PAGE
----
Flower borders – traditional cottage garden plants such as lupins, asters, rambling roses and Buddleja. The snowdrops (Galanthus plicatus) derive from bulbs brought back from the Crimean War in the 1850’s by a Captain Aldington who was from near Swaffham. His mother gave some to a friend in Warham where it is said the local rector, Charles Digby, grew them in the Church yard – they became known as the Warham Snowdrop. This variety is still available today. More recently some heritage daffodils from the 1800’s have been planted in the garden.

Cherry Tree Cottage and some of the vegetable growing area (left)

Vegetable Crops – the  early vegetable plots grew a wide range of crops and some old seed varieties of pea (‘Simpsons Special’) and broad beans (‘Big Penny’) ‘were acquired from celebrity gardener Percy Thrower and a local retired gardener respectively. The museum ha some old seed catalogues from two local seed merchants – Daniels and Taylors –  and these have been used to research the varieties that might have been grown in the 1930’s. Many of the varieties of fruit and vegetables that were grown in the 1930’s can be seen in the garden today. Garden Organic and The Heritage Seed Library have donated many of the seeds.

Herbs – a range of well known herbs are grown in the garden today. Herbs were used both for flavouring food and medicinal uses – for example a paste made from Comfrey leaves would be used to aid the healing of broken bones hence its common name of ‘Country Knit Joint’!

The garden also houses a chicken run, as it was common for many cottagers to keep chickens , which gave them a good supply of eggs. The chicken manure was also used as a fertiliser on the vegetable plot.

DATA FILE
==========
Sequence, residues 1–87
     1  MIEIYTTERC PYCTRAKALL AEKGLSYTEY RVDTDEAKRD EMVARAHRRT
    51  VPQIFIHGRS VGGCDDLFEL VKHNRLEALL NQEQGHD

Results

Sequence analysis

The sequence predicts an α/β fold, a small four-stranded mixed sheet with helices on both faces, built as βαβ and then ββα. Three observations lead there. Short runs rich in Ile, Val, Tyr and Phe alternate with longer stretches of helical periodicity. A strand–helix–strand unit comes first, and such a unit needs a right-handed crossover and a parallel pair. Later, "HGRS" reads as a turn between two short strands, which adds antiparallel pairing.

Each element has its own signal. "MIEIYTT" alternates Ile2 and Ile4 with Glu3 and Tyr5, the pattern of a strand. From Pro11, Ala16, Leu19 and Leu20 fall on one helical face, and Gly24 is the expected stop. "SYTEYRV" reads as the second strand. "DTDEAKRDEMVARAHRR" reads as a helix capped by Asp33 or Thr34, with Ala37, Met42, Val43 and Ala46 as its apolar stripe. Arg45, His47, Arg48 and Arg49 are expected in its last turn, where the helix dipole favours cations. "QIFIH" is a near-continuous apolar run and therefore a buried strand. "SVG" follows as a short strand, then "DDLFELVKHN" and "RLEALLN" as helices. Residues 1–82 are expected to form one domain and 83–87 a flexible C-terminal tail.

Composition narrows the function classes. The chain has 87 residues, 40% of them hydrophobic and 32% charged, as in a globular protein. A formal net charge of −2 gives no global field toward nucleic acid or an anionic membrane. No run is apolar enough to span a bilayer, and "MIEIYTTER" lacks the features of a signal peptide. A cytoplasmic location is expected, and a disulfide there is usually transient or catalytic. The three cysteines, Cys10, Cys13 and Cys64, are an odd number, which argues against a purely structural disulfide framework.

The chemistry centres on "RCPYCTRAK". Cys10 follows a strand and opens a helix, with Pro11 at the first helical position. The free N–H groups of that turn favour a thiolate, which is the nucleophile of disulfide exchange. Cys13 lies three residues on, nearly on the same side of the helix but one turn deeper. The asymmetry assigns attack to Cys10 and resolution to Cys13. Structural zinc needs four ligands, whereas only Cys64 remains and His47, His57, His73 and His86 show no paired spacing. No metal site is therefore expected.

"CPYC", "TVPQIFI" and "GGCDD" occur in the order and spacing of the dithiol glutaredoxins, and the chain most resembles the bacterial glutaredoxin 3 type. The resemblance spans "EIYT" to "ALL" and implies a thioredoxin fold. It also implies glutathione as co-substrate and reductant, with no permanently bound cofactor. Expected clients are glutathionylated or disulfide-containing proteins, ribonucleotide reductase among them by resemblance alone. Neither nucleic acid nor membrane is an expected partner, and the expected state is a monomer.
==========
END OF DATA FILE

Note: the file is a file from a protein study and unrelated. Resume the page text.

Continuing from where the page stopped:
The garden paths were originally grass edged with flint. These were gradually replaced with bricks, local tiles (‘pamments’) and cinder;  traditional methods used in cottage gardens. Todays paths are a mix of brick, pamments and gravel – the latter is easier to maintain and is more accessible for wheelchair users.

The Potato Clamp and Scarecrow at Cherry Tree Cottage Garden

The Potato Clamp and Scarecrow at Cherry Tree Cottage Garden

Whilst the gardening volunteers are trying to follow gardening practices typical of the 1930’s, sometimes these have to be avoided (e.g avoiding the use of dangerous pesticides).  But some interesting examples of old techniques have been demonstrated – for example the creation of a ‘Potato clamp’ which was a method for storing potatoes during the winter months before indoor storage space became more readily available.

Acknowledgement: I am grateful to Kay Davis, Heritage Gardening Trainee 2011-12, for permission to use her article on Cherry Tree Cottage for most of the material used in this post.

Sources and further information:

Plantax 3: Sweet Peas- cottage garden favourite

Unique heritage gardens at Norfolk museum

Old Workhouse Garden a wildlife oasis at Norfolk Museum

The Cottage Garden Society


answers to the two in previous post  Transfer Window- 7 tips for successful seedlings

  • Set fire to Ms Allen – Torch lily
  • Mythical creature that enjoys a game of cards – Snapdragon

Here are a couple of gardening ditties….

Snowdrops keep falling on my head

Theme tune from The Lone Hydrangea

(with thanks to Les Palmer)

Old School Gardener